Code of Conduct

Spectator Code of Conduct

We would like to remind you that abusing anyone whether they be a coach, manager, match official, parent or player is NOT ACCEPTABLE under any circumstances.

Tips for mums and dads

  • Be a good role model – children watch and learn from you, so make sure you set a good example.
  • Avoid a ‘win at all costs’ attitude – although you may think winning is important, the focus for junior sport should be on fun.
  • Be aware that your abusive behaviour may be against the law – ask yourself, ‘Would my mother be upset or offended by what I am saying or doing?’ If the answer is yes then it’s best to sit down and be quiet.
  • Try not to be critical of coaches, referees or umpires – many are volunteers who give their time to make sport possible for all our children, and some are just learning. If you have some constructive advice for them, leave it until after the game or have a respectful chat with the head coach or referee.

What we ask you to do

  • Help create a positive atmosphere for players, officials and other spectators by showing respect for players, officials and other spectators.
  • Abide by our club’s Code of Conduct and refrain from using bad language, harassing or ridiculing others or behaving in a threatening or violent manner.
  • If you are aware of inappropriate spectator behaviour and you feel confident to do so, speak with the person and ask them to stop. If there is a ground official or committee member present, ask for their assistance.
  • Report any inappropriate spectator behaviour to the club president or someone in a position of authority.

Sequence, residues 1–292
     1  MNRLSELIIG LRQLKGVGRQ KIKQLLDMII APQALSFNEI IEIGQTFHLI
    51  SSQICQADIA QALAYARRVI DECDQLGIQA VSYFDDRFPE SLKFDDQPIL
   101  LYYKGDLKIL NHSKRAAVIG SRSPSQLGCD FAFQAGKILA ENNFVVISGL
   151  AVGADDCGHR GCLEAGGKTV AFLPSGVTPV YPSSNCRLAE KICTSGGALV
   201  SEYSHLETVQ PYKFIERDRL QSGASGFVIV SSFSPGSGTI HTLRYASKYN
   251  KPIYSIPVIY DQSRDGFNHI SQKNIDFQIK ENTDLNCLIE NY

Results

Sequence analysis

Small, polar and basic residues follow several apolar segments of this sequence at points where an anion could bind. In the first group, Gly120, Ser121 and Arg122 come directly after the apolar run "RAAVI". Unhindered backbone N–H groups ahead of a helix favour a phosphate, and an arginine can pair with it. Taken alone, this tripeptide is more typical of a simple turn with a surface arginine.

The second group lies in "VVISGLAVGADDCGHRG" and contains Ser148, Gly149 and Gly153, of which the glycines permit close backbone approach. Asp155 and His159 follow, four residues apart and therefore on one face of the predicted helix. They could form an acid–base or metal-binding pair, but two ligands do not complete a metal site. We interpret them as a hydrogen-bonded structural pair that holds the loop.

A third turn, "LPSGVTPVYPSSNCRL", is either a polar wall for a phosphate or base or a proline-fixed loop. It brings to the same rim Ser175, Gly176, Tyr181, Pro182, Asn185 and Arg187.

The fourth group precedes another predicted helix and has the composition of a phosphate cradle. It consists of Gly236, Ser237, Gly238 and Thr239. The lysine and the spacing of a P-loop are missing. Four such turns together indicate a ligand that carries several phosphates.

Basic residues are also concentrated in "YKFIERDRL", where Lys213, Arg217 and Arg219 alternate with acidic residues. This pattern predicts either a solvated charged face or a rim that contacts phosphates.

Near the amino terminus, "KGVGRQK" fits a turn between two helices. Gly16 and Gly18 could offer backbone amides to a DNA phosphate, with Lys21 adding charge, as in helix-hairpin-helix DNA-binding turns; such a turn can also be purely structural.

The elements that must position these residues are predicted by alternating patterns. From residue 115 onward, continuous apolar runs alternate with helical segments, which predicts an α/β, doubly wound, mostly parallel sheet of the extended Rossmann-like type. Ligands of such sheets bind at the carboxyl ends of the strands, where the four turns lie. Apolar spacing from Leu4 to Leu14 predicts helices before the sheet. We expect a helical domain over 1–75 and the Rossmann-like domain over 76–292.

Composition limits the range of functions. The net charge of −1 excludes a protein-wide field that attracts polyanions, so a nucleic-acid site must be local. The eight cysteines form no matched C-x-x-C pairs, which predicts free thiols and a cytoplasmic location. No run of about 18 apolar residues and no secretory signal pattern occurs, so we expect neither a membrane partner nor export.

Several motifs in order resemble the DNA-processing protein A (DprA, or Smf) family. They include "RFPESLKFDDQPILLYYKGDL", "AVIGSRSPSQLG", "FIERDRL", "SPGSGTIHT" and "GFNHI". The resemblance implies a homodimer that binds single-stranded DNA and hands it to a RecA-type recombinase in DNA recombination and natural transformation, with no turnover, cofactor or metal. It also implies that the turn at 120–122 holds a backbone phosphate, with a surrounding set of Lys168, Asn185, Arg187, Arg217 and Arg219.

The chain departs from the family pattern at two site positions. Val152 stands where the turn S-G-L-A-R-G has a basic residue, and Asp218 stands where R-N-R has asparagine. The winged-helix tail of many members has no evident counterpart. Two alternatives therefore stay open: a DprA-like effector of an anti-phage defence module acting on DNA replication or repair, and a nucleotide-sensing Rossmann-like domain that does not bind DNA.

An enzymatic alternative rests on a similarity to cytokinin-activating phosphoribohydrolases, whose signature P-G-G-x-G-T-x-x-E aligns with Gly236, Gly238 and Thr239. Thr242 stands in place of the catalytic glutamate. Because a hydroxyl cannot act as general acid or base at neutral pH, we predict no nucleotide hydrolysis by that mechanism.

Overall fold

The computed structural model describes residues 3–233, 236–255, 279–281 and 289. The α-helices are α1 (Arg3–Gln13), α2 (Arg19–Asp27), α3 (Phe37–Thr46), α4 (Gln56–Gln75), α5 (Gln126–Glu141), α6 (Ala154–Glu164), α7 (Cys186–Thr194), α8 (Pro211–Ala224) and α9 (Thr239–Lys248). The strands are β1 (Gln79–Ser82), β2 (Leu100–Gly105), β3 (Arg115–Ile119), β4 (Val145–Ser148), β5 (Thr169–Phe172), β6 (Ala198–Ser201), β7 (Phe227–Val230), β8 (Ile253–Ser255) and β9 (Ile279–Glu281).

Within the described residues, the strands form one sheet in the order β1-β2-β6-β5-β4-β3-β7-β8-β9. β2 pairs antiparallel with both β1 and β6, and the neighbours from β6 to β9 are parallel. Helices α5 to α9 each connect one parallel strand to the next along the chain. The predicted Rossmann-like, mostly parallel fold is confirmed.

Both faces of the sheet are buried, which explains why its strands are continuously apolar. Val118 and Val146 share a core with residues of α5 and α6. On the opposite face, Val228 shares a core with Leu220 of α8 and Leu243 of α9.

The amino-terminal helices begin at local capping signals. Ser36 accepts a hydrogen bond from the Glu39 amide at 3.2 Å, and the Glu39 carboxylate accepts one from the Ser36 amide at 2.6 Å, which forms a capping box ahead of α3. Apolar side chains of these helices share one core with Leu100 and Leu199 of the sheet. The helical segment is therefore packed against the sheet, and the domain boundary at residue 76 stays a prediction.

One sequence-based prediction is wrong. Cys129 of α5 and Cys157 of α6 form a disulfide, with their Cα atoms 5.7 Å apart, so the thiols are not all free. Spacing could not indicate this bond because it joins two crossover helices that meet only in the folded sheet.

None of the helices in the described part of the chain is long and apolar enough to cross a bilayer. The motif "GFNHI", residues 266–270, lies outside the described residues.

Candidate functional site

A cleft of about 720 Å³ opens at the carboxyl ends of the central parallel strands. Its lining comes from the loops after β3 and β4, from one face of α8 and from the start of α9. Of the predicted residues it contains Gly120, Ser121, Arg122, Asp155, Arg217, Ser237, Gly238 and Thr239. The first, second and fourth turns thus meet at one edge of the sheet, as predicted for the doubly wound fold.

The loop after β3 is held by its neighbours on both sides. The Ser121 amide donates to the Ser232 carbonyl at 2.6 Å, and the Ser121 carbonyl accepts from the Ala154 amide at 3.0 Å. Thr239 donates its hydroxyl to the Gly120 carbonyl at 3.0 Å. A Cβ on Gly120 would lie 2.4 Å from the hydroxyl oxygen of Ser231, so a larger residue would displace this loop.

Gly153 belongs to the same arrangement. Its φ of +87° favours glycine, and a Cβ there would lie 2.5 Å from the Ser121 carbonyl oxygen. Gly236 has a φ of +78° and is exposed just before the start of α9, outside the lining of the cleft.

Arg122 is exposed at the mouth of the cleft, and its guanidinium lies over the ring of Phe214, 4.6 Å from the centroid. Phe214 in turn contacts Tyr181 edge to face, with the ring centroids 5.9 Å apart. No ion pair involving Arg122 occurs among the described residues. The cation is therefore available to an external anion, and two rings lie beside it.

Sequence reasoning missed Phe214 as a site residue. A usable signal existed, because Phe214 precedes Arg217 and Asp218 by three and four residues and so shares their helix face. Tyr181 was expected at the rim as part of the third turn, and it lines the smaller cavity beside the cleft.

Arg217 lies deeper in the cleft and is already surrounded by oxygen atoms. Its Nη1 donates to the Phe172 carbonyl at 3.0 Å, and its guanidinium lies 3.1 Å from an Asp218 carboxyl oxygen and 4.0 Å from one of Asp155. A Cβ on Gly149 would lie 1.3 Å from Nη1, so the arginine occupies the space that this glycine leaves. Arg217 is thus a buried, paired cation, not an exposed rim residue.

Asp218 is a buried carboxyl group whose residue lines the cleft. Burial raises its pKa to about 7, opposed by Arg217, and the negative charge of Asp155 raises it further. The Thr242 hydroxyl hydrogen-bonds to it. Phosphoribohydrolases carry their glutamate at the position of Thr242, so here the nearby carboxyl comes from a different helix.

• Call the police or a club official if you are concerned about your safety or the safety of others.

If you are a coach or a manager

  • If the abuse is directed at you – try to stay calm, maintain your professionalism and explain that you will discuss the issue with them during a break or after the match.  Do not accept or ignore abusive, offensive or foul language.
  • If an official is the focus of the parent’s abuse –  you should try to defuse the situation.  Talk calmly to the parent, acknowledge their frustration and emphasise that the call has been made and that the decision must be respected.  You can refer to your club’s code of conduct and explain the penalties if the behaviour continues.  Make sure you report the incident to the relevant club administrator, preferably in writing.
  • If the abuse is directed at children or a child playing in your team or on the opposing team – don’t ignore a parent who verbally abuses their child on the grounds that ‘it’s none of my business’.  Speak to the over-enthusiastic parent privately before their behaviour gets out of hand — this will often prevent the situation escalating.  Highlight the positives and emphasise the need to identify children’s strengths, not their weaknesses.  Emphasise that children are there to have fun, develop skills and build their confidence. Remind the parent about the club’s code of conduct. Explain what may happen if the behaviour continues, based on your club’s membership rules and policies report the incident to the club’s administrator if the behaviour continues and you foresee a future problem.
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